Until the cafe kicks us out: A dedication to people

As someone who has chosen to pursue a career based on words, I struggle to figure out what to say. This is my last article for the Daily Free Press, and I feel like I’ve said everything I’ve wanted to say throughout my four years. I’ve talked about songs I’ve loved, analyzed life’s universal questions, given mediocre advice and more.

So, what do I write for my last hurrah? What do I write for a paper and section that’s meant the world to me and, frankly, changed my life?

Chloe Patel | Senior Graphic Artist

As I’ve tried sorting through my disorganized thoughts these last few weeks, my love for people has only made sense to me. It’s the only constant I’ve ever had in my life. It dominates who I keep in my close circle, how I interact with sources, what drives me personally and professionally and how I look at my life.

Journalism is for the public. It’s never been — and never should be — about me. Except maybe this article. This one’s for me.

My passion for journalism is because of my love for people.

Throughout my 22 years, I’ve been fortunate to know and love spectacular people. My family, childhood friends, my best friend (who I’ve known since pre-school), the handful of friends I met in middle and high school who I still keep in touch with and the wonderful people I’ve met in college. They are all blessings.

There’s just no way I got this lucky. How is that possible?

The benefits of knowing such amazing — and different — people are getting to learn from them. Hearing them talk, observing how they interact with others, and how they handle whatever life throws at them. The only word that comes to mind is beautiful.

Grabbing a coffee with a friend and talking about their weekend is beautiful. Waiting for class and talking with classmates about their slight annoyances about an assignment is beautiful. Chatting over mundane things in mundane places is beautiful.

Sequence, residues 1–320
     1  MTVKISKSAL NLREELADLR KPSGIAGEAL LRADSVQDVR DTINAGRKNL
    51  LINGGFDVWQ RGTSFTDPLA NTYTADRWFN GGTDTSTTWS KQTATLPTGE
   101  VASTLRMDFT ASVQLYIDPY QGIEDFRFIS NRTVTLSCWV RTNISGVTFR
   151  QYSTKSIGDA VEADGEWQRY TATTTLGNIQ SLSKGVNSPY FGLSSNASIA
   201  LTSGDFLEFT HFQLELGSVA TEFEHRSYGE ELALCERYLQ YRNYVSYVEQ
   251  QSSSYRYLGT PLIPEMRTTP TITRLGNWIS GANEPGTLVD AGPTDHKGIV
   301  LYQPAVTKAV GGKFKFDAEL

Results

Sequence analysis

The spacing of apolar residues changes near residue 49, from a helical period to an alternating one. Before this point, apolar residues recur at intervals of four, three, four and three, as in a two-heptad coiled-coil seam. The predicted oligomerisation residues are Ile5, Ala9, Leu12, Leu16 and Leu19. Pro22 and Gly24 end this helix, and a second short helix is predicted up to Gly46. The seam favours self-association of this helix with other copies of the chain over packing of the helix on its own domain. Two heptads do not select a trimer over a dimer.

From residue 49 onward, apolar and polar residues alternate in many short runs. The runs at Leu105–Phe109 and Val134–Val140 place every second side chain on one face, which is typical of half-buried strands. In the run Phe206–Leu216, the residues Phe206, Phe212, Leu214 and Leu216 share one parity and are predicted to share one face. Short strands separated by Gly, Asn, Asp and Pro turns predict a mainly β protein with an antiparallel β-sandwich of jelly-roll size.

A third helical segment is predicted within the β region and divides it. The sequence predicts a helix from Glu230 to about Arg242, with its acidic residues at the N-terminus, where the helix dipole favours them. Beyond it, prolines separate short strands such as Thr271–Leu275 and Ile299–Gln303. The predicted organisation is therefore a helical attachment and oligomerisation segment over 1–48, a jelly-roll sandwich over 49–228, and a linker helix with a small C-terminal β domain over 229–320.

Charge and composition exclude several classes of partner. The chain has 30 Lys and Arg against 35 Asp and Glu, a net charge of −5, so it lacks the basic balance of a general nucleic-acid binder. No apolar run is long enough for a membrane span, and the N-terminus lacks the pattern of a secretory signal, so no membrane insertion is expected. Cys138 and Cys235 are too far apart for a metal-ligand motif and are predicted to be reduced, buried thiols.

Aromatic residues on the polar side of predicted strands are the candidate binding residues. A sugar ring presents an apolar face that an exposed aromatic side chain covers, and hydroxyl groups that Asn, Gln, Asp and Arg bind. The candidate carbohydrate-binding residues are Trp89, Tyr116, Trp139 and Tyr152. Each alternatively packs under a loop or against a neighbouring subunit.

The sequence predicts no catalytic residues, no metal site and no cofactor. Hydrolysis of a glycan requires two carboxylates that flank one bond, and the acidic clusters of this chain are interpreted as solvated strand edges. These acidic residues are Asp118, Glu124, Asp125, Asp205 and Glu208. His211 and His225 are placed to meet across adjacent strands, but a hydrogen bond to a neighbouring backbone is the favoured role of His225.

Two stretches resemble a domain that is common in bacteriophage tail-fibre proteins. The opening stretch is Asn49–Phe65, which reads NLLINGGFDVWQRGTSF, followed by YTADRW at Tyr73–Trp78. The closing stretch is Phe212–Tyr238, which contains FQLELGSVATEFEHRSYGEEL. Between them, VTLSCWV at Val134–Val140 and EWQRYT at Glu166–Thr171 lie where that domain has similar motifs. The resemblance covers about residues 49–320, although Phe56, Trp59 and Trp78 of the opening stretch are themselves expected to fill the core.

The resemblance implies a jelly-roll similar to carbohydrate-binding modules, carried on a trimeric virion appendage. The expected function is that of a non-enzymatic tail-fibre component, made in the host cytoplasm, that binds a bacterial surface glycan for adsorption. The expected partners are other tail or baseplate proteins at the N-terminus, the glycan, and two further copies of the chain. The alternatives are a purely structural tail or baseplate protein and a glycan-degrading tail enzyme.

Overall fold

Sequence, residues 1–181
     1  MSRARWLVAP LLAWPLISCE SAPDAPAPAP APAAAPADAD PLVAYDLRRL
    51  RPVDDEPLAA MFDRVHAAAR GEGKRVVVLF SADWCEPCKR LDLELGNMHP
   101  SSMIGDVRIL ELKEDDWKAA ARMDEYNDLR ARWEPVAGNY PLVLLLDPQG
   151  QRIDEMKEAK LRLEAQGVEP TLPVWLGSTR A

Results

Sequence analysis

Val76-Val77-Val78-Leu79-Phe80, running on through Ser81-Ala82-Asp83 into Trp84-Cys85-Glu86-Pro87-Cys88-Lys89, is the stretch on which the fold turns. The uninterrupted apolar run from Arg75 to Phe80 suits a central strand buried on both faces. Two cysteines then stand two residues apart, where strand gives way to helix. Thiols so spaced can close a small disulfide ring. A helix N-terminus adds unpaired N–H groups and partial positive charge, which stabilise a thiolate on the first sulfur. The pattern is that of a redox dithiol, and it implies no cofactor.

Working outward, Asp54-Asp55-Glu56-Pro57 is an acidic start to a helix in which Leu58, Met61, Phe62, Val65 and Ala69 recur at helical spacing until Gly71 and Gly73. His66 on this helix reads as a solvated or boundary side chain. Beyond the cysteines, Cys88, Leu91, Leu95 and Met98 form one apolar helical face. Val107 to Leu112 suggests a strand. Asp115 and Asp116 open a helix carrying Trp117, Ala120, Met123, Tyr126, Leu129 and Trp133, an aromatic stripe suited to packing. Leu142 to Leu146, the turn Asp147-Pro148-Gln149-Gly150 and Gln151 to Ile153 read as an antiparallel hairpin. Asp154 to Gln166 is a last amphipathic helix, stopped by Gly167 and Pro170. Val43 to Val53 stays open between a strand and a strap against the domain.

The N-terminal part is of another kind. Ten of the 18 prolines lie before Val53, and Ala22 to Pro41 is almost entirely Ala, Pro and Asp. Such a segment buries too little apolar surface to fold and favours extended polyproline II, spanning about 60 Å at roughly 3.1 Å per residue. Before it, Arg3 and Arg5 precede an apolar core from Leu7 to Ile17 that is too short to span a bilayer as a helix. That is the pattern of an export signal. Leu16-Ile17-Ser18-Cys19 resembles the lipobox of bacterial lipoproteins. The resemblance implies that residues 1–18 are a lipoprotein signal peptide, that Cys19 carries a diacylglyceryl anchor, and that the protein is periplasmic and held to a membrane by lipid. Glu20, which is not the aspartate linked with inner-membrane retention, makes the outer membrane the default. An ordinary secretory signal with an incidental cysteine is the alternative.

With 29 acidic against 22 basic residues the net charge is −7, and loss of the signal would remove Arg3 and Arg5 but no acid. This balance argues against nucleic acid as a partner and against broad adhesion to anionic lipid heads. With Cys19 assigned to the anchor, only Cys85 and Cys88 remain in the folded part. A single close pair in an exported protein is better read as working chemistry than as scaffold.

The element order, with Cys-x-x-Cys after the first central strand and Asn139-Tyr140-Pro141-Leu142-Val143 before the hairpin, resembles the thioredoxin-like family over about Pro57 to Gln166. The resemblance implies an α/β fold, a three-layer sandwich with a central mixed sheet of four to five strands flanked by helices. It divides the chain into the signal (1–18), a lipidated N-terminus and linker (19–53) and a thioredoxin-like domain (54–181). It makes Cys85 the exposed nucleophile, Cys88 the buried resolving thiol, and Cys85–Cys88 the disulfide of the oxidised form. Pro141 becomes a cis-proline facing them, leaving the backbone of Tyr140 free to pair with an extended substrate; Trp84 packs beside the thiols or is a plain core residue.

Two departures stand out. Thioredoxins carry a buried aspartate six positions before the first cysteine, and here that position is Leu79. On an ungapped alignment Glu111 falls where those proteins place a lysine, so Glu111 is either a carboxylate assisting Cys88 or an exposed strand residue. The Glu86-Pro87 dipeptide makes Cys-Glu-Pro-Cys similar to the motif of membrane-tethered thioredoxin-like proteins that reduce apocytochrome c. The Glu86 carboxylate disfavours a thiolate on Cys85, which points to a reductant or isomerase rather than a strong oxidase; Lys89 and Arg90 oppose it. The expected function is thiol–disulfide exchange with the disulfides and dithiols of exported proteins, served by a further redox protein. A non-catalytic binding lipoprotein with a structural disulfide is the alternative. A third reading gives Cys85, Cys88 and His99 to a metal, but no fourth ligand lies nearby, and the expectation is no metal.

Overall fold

There is a phrase I’ve lived by since high school. I’m not sure where I found it or if I made it up myself. It’s drifted in and out of my daily thoughts and vocabulary, but I’ve been returning to it lately.

Inspire and be inspired.

How I apply those four words to my life looks different now than five years ago, but its core reflects how much I’ve always loved people.

What a privilege it is to know others, to love others, and to be loved by others.

I’ve learned so many things from listening to other people. For example, in how they phrase things, I get a second inside their brain and thinking processes. The most fulfilling and refreshing moments in my life have all come from conversing with people. Whether it’s with my journalism friends as we talk about something industry related, with my three roommates who are graphic design and business majors, or with people I’ve known for over a decade.

It doesn’t matter how similar or different we are. I come out of every conversation feeling like I learned something new.

My sophomore-year English teacher in high school drilled another phrase into my brain: the human condition never changes. While she meant for it to apply to literature analysis, it can be adapted to our relationships with people. We all have feelings, thoughts, and things we’re passionate about. We’re all the same to the core.

A friend once told me that I had a way of connecting with people and asked how I did it. I was extremely flattered, but I didn’t have an answer for her. I thought about it more, and the answer I’ve come to years later is simple. It’s the pure, untarnished love I have for humans.

Everyone has something to say. Some people just may not know how to exactly say it. If you give them the time, vulnerability, and space to let them express themselves, they will say something incredibly worthwhile. Give them your ear and empathy, and they’ll keep talking until the cafe workers gently urge you to leave because they’re about to close.

They will feel loved. And isn’t that what life is all about anyway?

I’ll end my time at the paper with this. People are incredible and worthy of our love. To all the people in my life who I’ve loved and who have let me into their conversations, this is my love letter to you.

Whether at the FreeP office with my feet up on the table, over voice memos and hour-long FaceTime calls, at 3:24 a.m. in hushed whispers and laughter, or in my car driving around my hometown or at Sunday tap dance rehearsals, the memories and conversations I hold in my heart with fellow human beings will always soar above anything else.

No words will ever be enough to describe how honored and lucky I feel to know you and to love you. Here’s to more conversations until the cafe kicks us out.

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